KC joined iDE in 2014 with a passion to form a bridge between marketing and public health. She brings 20 years of experience in advertising, marketing, and design. KC was born and grew up in New York, studied art at La Scuola Lorenzo de Medici in Florence, Italy, and later graduated from Potsdam State University with a Bachelor’s degree in Studio Arts. After a decade in design, KC shifted her career to focus her talents on communication strategy. KC has extensive experience working with governments. She developed several social marketing campaigns for the state of Wyoming, encouraging citizens to prevent abuse of drugs and alcohol. KC is a contributing author of a peer-reviewed case study on this work published in George Washington University’s CASES for Public Health in 2010. Other communications work developed for government clients includes a decade-long campaign to promote water conservation for Denver Water and a brand standards guide for the state of Colorado’s new visual marketing identity in 2013. As Director of Communications for iDE, KC is using her passion and experience to increase iDE’s brand awareness through a focus on iDE’s innovative approaches and success in making a difference in the livelihoods of poor, rural households.

Adam Keatts

Adam KeattsAdam Keatts is an agricultural economist with over 12 years’ experience designing, managing and monitoring market development initiatives in 18 countries across Asia and Africa. He is currently the Agriculture Knowledge Manager for Fintrac, where he leads evidence-based learning across a global portfolio of smallholder market development programs. Adam began his career with a global investment bank developing portfolio risk management strategies, but soon realized his interests lay elsewhere. As a volunteer teacher in rural India, talking to smallholder farmers in the village sparked a passion for inclusive agricultural development. On the USDA Rural Business Services Development project in Vietnam, he facilitated entrepreneurial investments in the coconut, rice, and hospitality sectors. With ACDI/VOCA, he designed the Organizational Assessment Tool for USAID Food for Peace; and served as Regional Director for Southeast Asia based in Lao PDR. As the Economic Team Leader for Conservation International based in Cambodia, Adam designed and managed several field projects at the complex nexus of market system development and ecosystem management – including the USAID New Partners in Value Chain Development project, and the USAID HARVEST Women’s Fish Processing project. He has also led high-level public-private stakeholder engagement efforts including through the Roundtable for Sustainable Palm Oil, where he developed policies to increase smallholder inclusion. Adam has an MBA from American University, and an MSc in Agricultural Economics from University of London SOAS.

Patrick Kelley

Patrick Kelley

Patrick leads Habitat for Humanity International’s global practice to develop market-based solutions for improved and affordable shelter. The market development practice at Habitat seeks to strengthen affordable housing value chains, to stimulate innovation and enterprise solutions for shelter and to mobilize investment capital to move housing solutions to scale. Prior to HFH, Patrick worked in Africa directly supporting financial sector development under USAID IGP and Economic Strengthening funding, which included supporting the sector’s growth and advocacy agenda by managing a three country national microfinance network support programs. He also served as Executive Director of Urwego Opportunity Bank LLC, the largest financial institution for the informal sector in Rwanda, and initiated the startup of Turame in Burundi, and Hekima in the Democratic Republic of the Congo.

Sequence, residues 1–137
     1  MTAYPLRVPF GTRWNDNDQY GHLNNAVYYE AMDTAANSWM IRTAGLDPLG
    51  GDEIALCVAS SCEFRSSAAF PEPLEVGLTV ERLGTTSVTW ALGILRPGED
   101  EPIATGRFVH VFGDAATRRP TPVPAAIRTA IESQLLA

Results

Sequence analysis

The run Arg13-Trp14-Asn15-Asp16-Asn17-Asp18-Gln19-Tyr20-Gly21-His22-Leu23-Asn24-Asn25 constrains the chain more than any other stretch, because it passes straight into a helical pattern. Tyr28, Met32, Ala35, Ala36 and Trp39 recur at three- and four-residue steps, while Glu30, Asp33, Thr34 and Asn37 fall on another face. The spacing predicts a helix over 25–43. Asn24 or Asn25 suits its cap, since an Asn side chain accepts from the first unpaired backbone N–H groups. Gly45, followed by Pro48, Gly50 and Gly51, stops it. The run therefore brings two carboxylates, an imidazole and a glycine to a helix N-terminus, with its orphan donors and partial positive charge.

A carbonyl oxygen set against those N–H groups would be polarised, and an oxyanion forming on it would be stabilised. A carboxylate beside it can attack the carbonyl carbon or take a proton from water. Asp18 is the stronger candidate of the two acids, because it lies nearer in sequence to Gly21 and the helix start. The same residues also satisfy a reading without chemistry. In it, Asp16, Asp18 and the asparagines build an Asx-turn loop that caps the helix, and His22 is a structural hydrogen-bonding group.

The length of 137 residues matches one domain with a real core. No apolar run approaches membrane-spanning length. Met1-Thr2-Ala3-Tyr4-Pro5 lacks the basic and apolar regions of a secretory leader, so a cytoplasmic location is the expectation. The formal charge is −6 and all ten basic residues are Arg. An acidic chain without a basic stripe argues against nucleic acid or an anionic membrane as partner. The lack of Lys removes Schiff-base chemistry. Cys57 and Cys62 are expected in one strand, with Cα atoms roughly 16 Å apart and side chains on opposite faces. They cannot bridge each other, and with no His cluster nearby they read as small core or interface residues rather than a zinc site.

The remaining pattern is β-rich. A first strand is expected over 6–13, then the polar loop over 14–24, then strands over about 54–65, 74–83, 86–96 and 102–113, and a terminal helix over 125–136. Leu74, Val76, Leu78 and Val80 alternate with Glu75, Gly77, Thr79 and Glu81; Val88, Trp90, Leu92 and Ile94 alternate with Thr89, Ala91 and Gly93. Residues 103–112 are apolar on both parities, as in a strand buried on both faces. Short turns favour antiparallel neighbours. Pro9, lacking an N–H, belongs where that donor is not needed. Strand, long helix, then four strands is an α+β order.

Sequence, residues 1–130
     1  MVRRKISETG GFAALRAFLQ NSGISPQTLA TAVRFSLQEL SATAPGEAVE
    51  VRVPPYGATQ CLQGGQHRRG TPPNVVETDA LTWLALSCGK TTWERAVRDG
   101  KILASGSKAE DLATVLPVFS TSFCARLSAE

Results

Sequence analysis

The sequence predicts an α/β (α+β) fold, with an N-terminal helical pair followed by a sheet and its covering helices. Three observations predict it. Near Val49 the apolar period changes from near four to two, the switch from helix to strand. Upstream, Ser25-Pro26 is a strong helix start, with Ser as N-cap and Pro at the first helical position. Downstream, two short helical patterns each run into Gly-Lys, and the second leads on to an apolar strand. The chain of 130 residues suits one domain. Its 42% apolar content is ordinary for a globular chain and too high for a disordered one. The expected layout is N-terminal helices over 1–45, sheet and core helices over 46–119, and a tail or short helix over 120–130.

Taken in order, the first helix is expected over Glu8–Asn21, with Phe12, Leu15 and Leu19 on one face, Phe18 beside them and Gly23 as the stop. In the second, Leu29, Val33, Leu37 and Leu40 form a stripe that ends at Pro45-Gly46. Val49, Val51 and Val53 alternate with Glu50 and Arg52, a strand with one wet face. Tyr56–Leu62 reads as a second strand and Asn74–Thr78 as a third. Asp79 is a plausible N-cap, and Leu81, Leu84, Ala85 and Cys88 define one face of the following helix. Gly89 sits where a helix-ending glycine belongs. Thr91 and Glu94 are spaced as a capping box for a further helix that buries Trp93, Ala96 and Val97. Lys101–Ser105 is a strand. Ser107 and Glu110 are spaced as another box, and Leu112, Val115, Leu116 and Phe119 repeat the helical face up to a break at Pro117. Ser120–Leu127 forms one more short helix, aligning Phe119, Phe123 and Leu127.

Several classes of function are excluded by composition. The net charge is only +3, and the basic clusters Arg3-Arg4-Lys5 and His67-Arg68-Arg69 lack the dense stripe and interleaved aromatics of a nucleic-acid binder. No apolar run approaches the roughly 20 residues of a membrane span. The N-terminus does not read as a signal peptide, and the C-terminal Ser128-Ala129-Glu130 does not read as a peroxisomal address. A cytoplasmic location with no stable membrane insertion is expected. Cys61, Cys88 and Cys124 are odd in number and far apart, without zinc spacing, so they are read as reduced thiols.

Abdul Malik

Abdul MalikAbdul Malik is currently working as Regional Advisor with Aga Khan Foundation, focusing on economic and enterprise development initiatives in South and Central Asia. He has 15 years of professional experience in international development. Previously, Malik has worked as General Manager of Aga Khan Rural Support Programme (AKRSP) Pakistan where he led large initiatives around youth employability and leadership, value chain development in agriculture and non-agriculture sectors, renewable energy and the civil society. In the US, he has worked with the World Bank and Brookings Institution on issues surrounding aid effectiveness, migration, poverty, and local economic development. Malik has also served on the boards of various organizations in Pakistan including Rural Support Programs Network (RSPN), Karakoram Area Development Organization (KADO) and TUSDEC. He holds a Master’s in Public Administration from Harvard Kennedy School and an MBA from Lahore University of Management Sciences (LUMS) Pakistan.

Robin McLay

Robin McLay is the Senior Advisor to the President of Vancouver Island University to advance its work on social innovation and financial inclusion. In recent years Robin has been leading the Province of British Columbia's work on social Innovation and prior to that he served as the Head of Research and Strategy at The MasterCard Foundation, Canada’s largest private foundation. Before joining the Foundation, Robin was the Executive Director of McGill University’s Institute for the Study of International Development. Robin also worked for several years at Canada's International Development Agency (CIDA) as its Director of Research and formerly as its Director of Democratic Institutions and Conflict. Before his work at CIDA, he served as the Executive Director of Harvard University’s Native American Program and is a Founding Member of the Harvard School of Public Health’s Leadership Council.  Robin has earned strong international reputation for his contributions in the area of evidence-based policy-making by developing creative and innovative ways of linking research to policy. He has established networks of key international research organizations through his leadership in senior roles with government, the private sector, in academic institutions and with philanthropic organizations.  Robin pursued his graduate studies at Harvard’s John F. Kennedy School of Government as a Fulbright Scholar. He also holds a Master of Science from the London School of Economics and a B.A. from McGill University.